Legal Law

Ken Griffin: Elevate taxes, simply not on me

Ken Griffin certainly seems to be quite violently against higher taxes. In fact, his position is much more nuanced: he is simply against higher taxes on himself. This explains why he fights so fiercely against Jay Pritzker's efforts to drag this state's income tax system into the 19th century, since Illinois currently has a constitutionally required flat rate income tax has: Ken Griffin, the richest man in Illinois whose fortune soared. At $ 2.3 billion last year, he pays exactly the same proportion of his income as a plumber in Moline or a farmer outside Mattoon. It explains why he lays the foundations for working like Carl Icahn and moving to Florida with no income tax. And it explains why he's so strongly against having the money that makes his money be taxed on something like the money made by actual work is taxed.

The Citadel founder made it clear that he is not a hardliner and supports certain tax increases to counter the current radical deficit of the federal government.

"I would have a lower capital gain rate and companies pay corporate taxes," Griffin Tudor Jones said at the private event. Investors would continue to pay indirectly, since shareholders in the company are burdened with a tax burden, he emphasized.

This, of course, is not pure selfishness on the part of a man who has bought more than a billion dollars worth of houses and apartments in recent years. It's patriotism.

Eliminating the low long-term capital gain interest rate that many professional investors pay in lieu of regular income tax would harm America itself, Griffin said. "We will see that liquidity is lower, multiple times lower, the cost of capital is higher, and fewer jobs are created," Griffin predicted, when investor profits are simply counted as income. “Several years of headwinds? Absolutely. When taxes are 39 percent, you are not going to sell your winners. They stay in these positions longer than usual. This means that less capital flows from these companies to the next new idea. This is heartbreaking. Part of the reason the US economy works so damn well is that we are continually shifting our capital as a nation to the next new idea … It's the mobility of capital in our system that makes it possible. "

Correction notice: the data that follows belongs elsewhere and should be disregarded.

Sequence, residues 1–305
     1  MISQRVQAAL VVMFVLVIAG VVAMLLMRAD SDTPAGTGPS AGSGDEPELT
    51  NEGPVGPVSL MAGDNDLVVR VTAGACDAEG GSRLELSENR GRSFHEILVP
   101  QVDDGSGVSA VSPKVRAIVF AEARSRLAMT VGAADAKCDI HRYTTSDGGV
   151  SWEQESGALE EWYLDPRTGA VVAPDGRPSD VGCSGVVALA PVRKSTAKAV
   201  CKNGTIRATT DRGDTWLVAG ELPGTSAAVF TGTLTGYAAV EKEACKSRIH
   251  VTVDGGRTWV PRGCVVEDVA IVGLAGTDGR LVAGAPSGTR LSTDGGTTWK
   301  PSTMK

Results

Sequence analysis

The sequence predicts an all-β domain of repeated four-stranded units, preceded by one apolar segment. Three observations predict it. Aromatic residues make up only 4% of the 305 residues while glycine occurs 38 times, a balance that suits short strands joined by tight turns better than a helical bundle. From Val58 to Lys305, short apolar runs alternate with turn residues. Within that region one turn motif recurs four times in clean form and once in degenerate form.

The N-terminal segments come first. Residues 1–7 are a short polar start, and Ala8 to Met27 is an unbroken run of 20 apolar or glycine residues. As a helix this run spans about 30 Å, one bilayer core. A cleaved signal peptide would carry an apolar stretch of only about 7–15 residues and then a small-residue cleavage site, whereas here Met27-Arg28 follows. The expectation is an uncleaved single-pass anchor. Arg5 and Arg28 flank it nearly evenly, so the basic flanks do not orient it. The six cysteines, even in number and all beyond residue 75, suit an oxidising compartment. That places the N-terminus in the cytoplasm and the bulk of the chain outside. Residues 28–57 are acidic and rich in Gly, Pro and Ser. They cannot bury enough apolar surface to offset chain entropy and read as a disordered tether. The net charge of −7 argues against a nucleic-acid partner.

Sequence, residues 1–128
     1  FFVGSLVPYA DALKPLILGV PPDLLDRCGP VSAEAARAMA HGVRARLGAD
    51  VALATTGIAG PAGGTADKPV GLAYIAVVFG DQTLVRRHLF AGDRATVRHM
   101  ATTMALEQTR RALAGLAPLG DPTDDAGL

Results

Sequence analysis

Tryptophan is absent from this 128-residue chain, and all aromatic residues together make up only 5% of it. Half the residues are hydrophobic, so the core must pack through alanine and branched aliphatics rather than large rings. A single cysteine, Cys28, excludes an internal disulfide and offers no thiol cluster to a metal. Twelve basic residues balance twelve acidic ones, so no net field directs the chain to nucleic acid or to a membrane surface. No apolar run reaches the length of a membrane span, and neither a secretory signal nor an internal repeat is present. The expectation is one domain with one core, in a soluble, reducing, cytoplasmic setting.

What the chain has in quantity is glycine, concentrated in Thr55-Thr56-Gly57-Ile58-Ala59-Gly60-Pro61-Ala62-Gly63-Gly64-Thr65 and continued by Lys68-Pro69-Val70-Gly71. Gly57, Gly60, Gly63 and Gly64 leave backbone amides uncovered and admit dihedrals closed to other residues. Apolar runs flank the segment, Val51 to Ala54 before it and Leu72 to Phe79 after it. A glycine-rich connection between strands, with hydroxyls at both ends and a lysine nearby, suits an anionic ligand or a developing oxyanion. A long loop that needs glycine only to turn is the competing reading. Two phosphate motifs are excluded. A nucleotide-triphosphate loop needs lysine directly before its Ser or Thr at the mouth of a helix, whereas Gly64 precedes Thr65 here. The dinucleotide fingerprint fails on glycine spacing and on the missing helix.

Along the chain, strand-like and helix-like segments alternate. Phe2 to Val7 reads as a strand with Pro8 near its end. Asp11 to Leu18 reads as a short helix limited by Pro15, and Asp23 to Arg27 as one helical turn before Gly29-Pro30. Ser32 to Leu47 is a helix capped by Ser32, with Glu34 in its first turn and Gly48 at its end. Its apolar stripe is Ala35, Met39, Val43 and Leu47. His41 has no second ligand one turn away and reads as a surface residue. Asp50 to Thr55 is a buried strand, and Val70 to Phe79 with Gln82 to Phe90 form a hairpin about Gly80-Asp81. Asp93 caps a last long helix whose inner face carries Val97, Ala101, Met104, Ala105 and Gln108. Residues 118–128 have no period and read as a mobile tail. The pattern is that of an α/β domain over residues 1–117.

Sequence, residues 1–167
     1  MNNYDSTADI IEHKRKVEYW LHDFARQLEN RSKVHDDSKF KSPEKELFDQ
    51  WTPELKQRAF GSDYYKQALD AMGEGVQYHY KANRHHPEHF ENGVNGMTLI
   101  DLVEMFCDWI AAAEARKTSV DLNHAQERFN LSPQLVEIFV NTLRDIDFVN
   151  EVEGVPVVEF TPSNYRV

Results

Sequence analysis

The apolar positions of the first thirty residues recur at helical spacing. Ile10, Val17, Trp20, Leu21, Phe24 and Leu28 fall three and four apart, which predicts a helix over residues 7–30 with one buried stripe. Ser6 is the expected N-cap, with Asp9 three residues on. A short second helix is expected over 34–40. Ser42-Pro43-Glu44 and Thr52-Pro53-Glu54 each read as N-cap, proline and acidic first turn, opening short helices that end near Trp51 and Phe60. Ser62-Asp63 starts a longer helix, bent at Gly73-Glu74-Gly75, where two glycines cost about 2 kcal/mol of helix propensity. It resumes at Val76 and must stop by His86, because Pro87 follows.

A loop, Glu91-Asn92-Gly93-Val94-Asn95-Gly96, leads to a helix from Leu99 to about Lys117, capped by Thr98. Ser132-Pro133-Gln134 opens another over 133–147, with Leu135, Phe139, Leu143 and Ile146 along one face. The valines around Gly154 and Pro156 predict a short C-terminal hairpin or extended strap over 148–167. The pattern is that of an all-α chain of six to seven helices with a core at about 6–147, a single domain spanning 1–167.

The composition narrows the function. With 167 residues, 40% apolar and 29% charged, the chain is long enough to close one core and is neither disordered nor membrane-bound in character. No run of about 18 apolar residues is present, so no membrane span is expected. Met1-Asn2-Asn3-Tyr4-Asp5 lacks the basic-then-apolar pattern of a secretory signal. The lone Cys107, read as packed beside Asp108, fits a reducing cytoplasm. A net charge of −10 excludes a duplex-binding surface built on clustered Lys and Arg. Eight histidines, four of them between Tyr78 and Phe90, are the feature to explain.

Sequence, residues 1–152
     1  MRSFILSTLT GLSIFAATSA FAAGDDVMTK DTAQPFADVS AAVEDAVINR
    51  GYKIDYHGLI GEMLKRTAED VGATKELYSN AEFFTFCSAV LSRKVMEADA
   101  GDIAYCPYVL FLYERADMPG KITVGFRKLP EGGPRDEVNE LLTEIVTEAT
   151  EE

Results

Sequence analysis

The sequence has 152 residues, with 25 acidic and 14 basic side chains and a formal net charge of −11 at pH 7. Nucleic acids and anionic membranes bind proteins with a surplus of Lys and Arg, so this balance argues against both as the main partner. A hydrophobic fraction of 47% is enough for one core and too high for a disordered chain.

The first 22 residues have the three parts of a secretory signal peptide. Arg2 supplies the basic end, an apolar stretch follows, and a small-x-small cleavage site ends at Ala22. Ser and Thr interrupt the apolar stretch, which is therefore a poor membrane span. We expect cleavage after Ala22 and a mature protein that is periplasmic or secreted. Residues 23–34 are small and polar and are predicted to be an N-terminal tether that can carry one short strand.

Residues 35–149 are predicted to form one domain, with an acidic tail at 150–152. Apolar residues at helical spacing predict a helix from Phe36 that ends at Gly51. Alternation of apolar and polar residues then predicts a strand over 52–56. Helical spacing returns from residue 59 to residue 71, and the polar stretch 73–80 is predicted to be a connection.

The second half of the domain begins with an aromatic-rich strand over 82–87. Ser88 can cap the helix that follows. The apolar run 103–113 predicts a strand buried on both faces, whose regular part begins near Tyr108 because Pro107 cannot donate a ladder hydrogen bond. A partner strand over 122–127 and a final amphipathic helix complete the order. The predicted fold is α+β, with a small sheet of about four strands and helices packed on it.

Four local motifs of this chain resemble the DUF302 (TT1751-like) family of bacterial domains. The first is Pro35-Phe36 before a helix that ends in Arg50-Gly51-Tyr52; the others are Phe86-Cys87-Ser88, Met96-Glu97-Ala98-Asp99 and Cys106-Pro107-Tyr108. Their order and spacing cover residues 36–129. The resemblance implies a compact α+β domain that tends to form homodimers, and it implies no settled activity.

And how exactly would that manifest? Well, um, not really at all, but please don't do it anyway.

Should a new US administration change that tax code, "stock prices will be lower, but not as much lower than you think, because so much of the stock market is owned by non-tax-paying players – pension funds, state wealth funds, and other institutions." . "

And certainly don't raise his taxes even indirectly to help those who are actually suffering the effects of a global pandemic, except in ways that benefit him directly.

But Tudor Jones' proposal to provide more economic stimulus, perhaps another round of spike in unemployment, made Griffin hesitate. He'd like to pay to get Americans back to work – but not to stop them … "We can't let the skills of American workers deteriorate. We want people back into the workforce as soon as possible to protect their future streams of income. I believe you and I would both be instantly incentivized to do so. "

Nice try, Paul: you may do your best to keep yourself and your friends off this march, but Ken Griffin would prefer not to live in a world where capital pays more taxes than the people who do actually work, however few they might be there.

In leaked remarks among hedge fund managers, Ken Griffin of Citadel opens taxes [II]

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